The rising cost of toy guns in Iraq

Toy guns are illegal in parts of Iraq, but fears persist over their role in a violent culture.

Toy gun child
Toy guns are popular with Iraqi children, who have grown up in a violent national context [EPA]

As Hussein Ahmed tends his stall in Sulaimaniyah, northern Iraq’s second city, there is an edginess to his behaviour.

“If it’s illegal there is too much profit. You make 100 per cent profit if it’s illegal and only 15 per cent profit if it is legal,” Ahmed said, from the centre of Sulaimaniyah’s labyrinth traditional souq (market).

“Every week police are coming. If they find you’ve got stock they will take it and charge you one million dinar (US$900),” he continued as hundreds of shoppers worked their way to the densely-nit food and fabric stalls nearby.

“In other cities like Kirkuk you can sell what you want and the injuries of kids is too many,” Ahmed cautioned.

Ahmed says that the contraband killed 36 children in the capital Baghdad last Eid, amid a fear of a culture of violence.

The illegal goods he talks of are toy guns, usually imported from China and, if deemed dangerous, outlawed in the Kurdistan Regional Government’s (KRG) semi-autonomous region in northern Iraq for just over a year.

Culture of violence

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Official figures for the number of children wounded or killed by toy guns in Iraq are difficult to obtain, however, anecdotal evidence says that fatalities and injuries such as blindness are still occurring in the relatively safe KRG as well as the restive centre and south of the country.

MAG, a non-governmental organisation (NGO) that works to eradicated the remnants of conflict, said that they had received information that about 30 children were injured in Erbil, the capital of the KRG, alone last Eid – when festivities and present-giving cause an upsurge in sales of toy guns.

Mufleh Talouzi, the country programme manager for MAG, said that from talking to his teams it is a “big problem”.

Talouzi said that the problem is much worse in the centre and south of the country than in the north.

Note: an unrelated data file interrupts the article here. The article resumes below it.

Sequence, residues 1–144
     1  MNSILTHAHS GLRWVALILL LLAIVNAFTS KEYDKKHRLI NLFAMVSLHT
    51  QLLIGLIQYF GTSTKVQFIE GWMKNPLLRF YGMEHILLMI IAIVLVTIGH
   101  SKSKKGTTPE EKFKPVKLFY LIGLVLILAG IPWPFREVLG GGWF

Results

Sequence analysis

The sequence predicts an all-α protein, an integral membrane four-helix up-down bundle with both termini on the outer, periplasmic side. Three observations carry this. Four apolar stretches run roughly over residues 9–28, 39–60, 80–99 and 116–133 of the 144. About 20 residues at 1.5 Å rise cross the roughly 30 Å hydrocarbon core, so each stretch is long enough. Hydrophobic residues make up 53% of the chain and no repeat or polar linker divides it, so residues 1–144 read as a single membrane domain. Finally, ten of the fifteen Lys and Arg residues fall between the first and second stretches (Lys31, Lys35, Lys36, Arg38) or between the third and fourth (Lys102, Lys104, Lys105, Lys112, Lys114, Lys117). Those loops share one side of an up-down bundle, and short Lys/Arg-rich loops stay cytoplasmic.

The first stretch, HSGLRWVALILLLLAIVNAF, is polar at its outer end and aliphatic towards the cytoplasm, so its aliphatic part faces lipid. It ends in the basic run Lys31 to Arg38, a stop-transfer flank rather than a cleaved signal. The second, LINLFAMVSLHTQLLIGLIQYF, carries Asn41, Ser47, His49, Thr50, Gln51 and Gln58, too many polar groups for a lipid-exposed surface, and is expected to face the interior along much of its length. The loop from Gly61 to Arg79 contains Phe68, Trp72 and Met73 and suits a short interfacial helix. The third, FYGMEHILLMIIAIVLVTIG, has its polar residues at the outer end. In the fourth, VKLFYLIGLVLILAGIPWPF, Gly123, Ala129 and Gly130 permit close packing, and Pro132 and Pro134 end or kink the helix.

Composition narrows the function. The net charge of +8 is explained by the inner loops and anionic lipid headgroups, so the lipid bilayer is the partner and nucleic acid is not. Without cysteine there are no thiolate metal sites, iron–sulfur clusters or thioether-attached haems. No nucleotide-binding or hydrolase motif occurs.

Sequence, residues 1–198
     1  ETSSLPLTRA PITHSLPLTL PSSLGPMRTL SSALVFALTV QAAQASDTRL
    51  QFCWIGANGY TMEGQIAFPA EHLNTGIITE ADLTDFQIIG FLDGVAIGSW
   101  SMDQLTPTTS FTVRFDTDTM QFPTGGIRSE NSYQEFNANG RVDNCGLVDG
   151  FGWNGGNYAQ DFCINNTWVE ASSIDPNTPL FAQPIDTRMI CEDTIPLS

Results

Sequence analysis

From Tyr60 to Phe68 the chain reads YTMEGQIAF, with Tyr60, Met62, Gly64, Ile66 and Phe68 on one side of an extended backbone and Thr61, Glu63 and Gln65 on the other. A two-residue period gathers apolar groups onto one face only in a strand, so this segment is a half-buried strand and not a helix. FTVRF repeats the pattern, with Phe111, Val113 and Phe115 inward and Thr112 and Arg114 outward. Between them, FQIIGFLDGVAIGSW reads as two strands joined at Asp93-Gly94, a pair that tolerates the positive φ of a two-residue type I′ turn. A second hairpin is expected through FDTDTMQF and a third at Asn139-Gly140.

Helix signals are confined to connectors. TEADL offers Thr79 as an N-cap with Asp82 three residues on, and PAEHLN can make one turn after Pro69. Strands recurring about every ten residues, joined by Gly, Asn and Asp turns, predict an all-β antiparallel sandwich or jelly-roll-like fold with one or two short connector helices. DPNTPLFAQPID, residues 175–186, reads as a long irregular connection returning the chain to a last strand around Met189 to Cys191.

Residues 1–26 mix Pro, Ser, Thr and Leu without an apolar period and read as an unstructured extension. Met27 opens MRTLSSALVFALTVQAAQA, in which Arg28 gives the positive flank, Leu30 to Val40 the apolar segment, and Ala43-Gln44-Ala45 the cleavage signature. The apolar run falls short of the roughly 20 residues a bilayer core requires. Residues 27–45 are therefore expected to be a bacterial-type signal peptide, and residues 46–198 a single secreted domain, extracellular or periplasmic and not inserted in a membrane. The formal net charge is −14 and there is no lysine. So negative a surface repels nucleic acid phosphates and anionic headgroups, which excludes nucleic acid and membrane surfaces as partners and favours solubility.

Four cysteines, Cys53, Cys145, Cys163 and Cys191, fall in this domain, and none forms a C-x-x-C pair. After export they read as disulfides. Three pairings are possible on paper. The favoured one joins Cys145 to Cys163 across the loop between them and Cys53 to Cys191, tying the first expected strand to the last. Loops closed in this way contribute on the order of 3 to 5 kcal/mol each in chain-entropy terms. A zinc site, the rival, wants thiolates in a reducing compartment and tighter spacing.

An Iraqi non-violence group, La Onf has campaigned for parliament to ban toy guns but without success. During the last couple of years they have instead worked with governments in the provinces of Diyala, Maysan and Samawa to successfully make the toys illegal there.

The national Ministry of Health is now reportedly aiming to have toy guns banned throughout the country.

Talouzi has doubts concerning those measures already in place: “I don’t think that it has been effective yet. I think importing toy guns through official channels is being checked. But small businesses and small shops still buy toy guns even in the local market in a kind of black market. The law is not strict yet.

“We will need to wait until next Eid to see, because this is when the highest number of accidents happen, at Eid when everyone goes out and buys and sells the guns.”

The issue of toy guns is entangled with concerns over a culture of violence in Iraq. Fears are present that the country’s bloody history will be transmitted to following generations or even stoked.

‘Extremists take advantage’

Salar Ahmed, a coordinator for La Onf, said: “Toy guns are popular in Iraq because they reflect the situation there. Guns, bombs, suicide bombs, kidnapping – that’s the situation in Iraq.

“So when children are using they toy guns that is a reflection of the situation. They are thinking that they are a hero, it is very important to learn how to use it. It is the culture in Iraq now. They have used these toy guns for 30 or 40 years, so it has become the culture.”